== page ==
Getting started with MailChimp is incredibly easy, businesses with 2000 or fewer customers can use the service free of charge to send up to 12,000 messages per month.  Certain features such as ‘deliver by time zone’, automation, Salesforce integration, onboarding, high volume campaigns and technical support are only available with paid accounts which start at $20/month.  The term ‘onboarding’ refers to sending out an email used mainly to make a first impression, extend a welcome to new subscribers and show a few brief notes about what your business has to offer.  With the paid plans, automation, allows a business to send out precision messages catered directly to each user’s demographic and buying habits according to previously collected data (gender, age range, geographic location and even currency type).

The emails sent through MailChimp can be easily managed by their recipient whether to unsubscribe, request more information or change the message’s focus on a different product or service

Setting up an account with the service is as simple as answering a few basic questions and after uploading your subscriber list (plain text, CSV, Excel etc.) or manually entering the recipient’s email addresses you’re ready to start your marketing campaign. Keep in mind that MailChimp will only let you email customers who have previously ‘opted in’ and subscribed to receive marketing information from your business.  Abiding by this process, it is theoretically not possible to send unwanted (spam) messages to unwilling customers.

The most efficient and easiest method to gather new customers for your email marketing is through your own website or social media.  Creating an easy to follow email form on your company’s site is usually enough to obtain email accounts and get people signed up.


Campaign Monitor is another online service that will help you with your digital marketing.  After the simple sign up and login you are greeted with your personalized campaign start page.


Campaign Monitor's start page.

Campaign Monitor's easy to follow wizard.

You can choose from countless professional and vibrant email templates.


Online email template editor.


The online editor supports dragging and dropping of images, text and multimedia links and best of all the information is automatically stored and backed up on Marketing Monitor’s servers.  Clicking preview will give you a visual representation of exactly what your recipient will receive and once you have entered an email list (or imported a client database), the only thing left is clicking the send button.

Plans range from $9 and go up from there.  For the 1st and least expensive tier you are able to send up to 2500 messages.  The unlimited email and campaign plan costs $49/month.

This service also supports email automation where your client can receive a number of welcome emails, can sign up for different memberships, subscribe (or unsubscribe) from different service and even send timed reminders all from within the campaign dashboard.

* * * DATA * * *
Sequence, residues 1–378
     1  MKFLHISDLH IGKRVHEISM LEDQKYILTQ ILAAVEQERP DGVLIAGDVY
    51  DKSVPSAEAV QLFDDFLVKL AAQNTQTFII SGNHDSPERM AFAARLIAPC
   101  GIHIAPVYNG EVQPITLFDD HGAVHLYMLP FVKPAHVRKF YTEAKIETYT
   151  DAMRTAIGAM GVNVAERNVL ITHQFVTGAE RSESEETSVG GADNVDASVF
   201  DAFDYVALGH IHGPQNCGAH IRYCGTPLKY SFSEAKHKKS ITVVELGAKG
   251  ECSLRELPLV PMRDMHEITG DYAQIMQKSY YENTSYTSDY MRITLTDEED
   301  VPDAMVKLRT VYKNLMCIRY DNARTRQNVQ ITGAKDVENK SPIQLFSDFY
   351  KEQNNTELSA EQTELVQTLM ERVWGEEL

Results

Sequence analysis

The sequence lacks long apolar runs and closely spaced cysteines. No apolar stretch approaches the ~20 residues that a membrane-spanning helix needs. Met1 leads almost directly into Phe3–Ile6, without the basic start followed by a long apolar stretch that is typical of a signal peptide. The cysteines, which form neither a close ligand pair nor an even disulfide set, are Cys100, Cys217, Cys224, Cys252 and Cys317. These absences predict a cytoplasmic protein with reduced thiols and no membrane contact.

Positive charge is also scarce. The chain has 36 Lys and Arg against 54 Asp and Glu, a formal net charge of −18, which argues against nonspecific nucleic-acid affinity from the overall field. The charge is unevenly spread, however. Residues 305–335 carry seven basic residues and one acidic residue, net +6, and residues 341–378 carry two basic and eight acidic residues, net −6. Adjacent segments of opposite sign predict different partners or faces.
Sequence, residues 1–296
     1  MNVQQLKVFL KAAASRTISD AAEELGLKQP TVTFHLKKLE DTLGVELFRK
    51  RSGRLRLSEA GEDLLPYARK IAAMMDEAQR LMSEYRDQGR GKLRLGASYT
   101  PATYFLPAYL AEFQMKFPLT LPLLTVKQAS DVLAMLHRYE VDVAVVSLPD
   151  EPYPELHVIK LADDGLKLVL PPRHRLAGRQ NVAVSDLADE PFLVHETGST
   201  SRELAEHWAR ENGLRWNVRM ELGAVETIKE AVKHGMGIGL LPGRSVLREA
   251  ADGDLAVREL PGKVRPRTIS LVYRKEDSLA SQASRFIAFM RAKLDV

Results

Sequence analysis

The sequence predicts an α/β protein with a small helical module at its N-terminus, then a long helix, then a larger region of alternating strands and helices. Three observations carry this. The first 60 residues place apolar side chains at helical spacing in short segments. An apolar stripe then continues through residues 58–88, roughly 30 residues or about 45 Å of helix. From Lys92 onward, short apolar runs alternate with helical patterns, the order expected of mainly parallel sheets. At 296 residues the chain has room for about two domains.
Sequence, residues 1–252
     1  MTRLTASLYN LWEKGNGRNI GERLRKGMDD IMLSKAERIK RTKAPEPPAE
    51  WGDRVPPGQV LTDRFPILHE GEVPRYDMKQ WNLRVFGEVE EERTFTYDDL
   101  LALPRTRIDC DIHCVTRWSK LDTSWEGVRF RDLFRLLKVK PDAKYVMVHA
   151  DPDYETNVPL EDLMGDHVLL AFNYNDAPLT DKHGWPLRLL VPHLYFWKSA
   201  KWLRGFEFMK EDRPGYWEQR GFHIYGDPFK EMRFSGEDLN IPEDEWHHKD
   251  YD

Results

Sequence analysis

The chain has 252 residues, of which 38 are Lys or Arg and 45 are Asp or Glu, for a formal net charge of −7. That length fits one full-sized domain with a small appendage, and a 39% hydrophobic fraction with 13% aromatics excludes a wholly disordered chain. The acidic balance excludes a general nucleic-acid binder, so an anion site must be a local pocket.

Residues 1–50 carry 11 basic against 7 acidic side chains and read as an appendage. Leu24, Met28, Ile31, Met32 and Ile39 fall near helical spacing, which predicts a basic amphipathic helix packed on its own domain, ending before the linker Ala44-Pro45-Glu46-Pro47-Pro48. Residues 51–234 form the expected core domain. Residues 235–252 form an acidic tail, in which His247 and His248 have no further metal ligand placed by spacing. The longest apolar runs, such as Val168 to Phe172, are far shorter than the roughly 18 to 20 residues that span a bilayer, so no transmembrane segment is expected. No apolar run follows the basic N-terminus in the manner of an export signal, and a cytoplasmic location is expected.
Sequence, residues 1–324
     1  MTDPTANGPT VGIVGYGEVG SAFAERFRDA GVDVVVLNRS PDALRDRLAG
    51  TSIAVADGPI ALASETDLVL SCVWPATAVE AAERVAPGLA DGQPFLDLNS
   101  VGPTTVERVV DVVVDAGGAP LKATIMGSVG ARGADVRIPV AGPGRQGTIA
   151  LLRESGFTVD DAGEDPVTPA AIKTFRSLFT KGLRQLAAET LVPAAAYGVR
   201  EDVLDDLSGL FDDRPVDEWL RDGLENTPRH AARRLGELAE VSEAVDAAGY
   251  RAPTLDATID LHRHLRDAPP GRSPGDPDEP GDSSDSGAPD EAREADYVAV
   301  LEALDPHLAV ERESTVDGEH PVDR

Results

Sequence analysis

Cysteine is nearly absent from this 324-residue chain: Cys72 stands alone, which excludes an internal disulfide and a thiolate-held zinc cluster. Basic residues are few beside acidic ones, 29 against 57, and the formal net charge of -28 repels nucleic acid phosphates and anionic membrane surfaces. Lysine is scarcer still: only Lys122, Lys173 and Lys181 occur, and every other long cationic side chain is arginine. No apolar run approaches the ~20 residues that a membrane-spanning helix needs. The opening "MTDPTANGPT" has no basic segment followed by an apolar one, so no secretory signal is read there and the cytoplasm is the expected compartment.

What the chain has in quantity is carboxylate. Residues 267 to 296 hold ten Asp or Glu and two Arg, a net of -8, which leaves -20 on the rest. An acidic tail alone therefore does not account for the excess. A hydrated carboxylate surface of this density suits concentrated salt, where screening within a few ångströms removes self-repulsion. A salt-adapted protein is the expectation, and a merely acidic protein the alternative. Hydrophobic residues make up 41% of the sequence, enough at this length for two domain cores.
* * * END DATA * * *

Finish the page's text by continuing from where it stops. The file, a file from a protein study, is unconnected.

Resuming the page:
The two mentioned services are the most popular but there are many others.  Most of them provide a free trial allowing you to test their effectiveness and ease of use.  When done right, proper email marketing can greatly boost the visibility of your business and increase sales. Furthermore, hiring experts to guide your company in the right direction may be very beneficial in the effectiveness of your campaign. Finding the right fit between a good value and return on investment is key and may take some trial and error.  Getting a high Click Through Rate (CTR) from your customers will always be challenging and sending out easy to read and properly worded content is very important.

Below is an example of an email designed to get your customer's attention by offering discounts and suggesting urgency.


Electronic advertising can almost be considered an art form as it's used to draw people's attention, play with their emotions and may even provide knowledge and entertainment. 

The term social media is a relatively new one and has completely swept the world by storm.  It refers to a digital tool that allows one to freely share media, information, opinions and in some cases, advertising across networks.  It is a way of communicating between friends and businesses, staying in touch and keeping up with the latest news and happenings. Websites such as Facebook and Twitter are currently the primary tools for this type of communication, these ad-sponsored platforms are used by billions of people from all around the world as their primary conduits for real time interaction.  Even sites such as Wikipedia can be considered social media as they completely rely on user based submissions.  Countless applications, platforms and websites have been developed for social media.  As an example, bulletin boards catering to aviation experts, quilting forums and sites that facilitate real time discussions about fashion, politics, health and entertainment all the way to the absurdly niche.  

A big benefit of social media are sites which rate the integrity and quality of businesses.  Trip advisor, Yelp and countless other review sites are able to give you a clear understanding whether you should make that next purchase, visit that hotel or dine at a specific restaurant in a city you’re about to visit.  Such services allow people to leave remarks, notes and star ratings and are very important for both the business owners and customers.  Car dealerships can be rated on the quality of their service department, you can check if your local computer store is mistreating its clients or even check reviews of the local barber shop.